Movie Review: Netflix Comedy ‘Supercon’ Cheats its Audience
A quartet of hard-luck guests at an comic book & entertainment convention who have been kicked to to the curb decide to up and rob the joint in Supercon, a new Netflix comedy now streaming worldwide.
One problem: it takes 45 minutes of screentime for them to latch onto the idea, and the first half of Supercon represents an aimless and grating tour of the titular event so devoid of substance its likely to ward any viewer away from attending a fan convention in the future.
Supercon does pick up a little steam as the heist plot kicks into gear during the second half, along with the introduction of a fifth member of the crew, played by no less than John Malkovich. But by then, most viewers will have already moved on to something else.
Stand-up comedian Russell Peters is ostensibly the star here, as Keith Mahar, a one-time child star on a popular 1980s TV show who is now broke, divorced, and needs to take a Greyhound to attend the latest Supercon, a shoestring-budget Comic-Con-like convention that brings together C-list celebs and comic book artists.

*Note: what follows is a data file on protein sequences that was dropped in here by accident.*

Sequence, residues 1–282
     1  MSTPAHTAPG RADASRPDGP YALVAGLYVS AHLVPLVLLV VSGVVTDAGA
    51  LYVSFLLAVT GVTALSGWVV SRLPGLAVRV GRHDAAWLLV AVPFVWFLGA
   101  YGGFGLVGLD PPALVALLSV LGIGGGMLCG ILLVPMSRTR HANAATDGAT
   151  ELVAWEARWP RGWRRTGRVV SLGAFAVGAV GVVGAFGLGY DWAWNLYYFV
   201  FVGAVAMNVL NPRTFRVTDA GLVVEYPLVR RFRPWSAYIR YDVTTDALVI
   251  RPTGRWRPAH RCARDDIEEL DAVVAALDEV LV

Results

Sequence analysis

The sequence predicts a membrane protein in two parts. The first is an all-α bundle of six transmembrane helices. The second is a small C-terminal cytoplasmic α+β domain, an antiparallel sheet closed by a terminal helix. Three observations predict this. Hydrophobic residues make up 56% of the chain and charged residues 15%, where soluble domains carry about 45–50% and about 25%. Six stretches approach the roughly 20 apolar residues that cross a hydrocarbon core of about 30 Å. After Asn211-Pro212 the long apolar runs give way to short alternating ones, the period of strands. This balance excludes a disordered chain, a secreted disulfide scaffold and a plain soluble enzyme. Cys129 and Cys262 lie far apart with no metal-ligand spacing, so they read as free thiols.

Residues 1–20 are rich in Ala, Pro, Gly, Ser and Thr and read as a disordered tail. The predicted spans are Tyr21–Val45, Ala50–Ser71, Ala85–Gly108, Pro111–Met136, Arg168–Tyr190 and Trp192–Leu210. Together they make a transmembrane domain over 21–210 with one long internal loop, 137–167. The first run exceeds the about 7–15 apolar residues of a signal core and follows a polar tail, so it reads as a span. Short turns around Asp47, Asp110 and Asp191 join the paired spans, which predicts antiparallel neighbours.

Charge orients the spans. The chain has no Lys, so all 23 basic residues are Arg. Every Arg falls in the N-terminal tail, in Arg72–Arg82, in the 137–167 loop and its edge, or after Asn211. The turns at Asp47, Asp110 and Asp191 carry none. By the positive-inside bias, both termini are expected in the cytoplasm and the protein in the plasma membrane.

Keith despises his claim to fame, a turban-wearing sidekick akin to Indiana Jones’ Short Round who played second-fiddle to 1980s superstar Adam King (Clancy Brown) on the long-forgotten TV show. But it’s now his one source of income, and he begrudgingly attends the conference - minus the turban.
After a physical altercation with King at Supercon, however, he’s thrown out of the event by greedy organizer Gil Bartell (Mike Epps) alongside friends and fellow stars Matt Wheeler (Ryan Kwanten) and Brock Hutchinson (Brooks Braselman), and comic writer Allison McNeeley (Maggie Grace). Then, they decide to take some revenge.
Peters might be the most popular stand-up comic currently working, but playing the straight man in Supercon he has precious little to work with. Nor does the movie offer much to the charismatic Grace or Kwanten; only Braselman, in his feature debut, gets much to do with some gross-out comic relief.
The film does, however, offer up a nice heel turn - and plenty of screentime - to Clancy Brown, who makes the most with his villainous 80s star. And Malkovich elevates the proceedings whenever his disenfranchised writer is on the screen, which isn’t much.
Supercon is the feature debut of behind-the-scenes documentary filmmaker Zak Knutson, who previously worked with Kevin Smith and co-directed an excellent 2013 doc about iconic director John Milius.
But while the movie aims for the go-for-broke spirit of Smith’s early work like Clerks and Mallrats, it replaces those film's rough-hewn charm with a glossy veneer and precious little substance, comedic or otherwise. There’s just not much going on here, making Supercon a real drag despite its short runtime - and a near-total waste of its on-screen talent.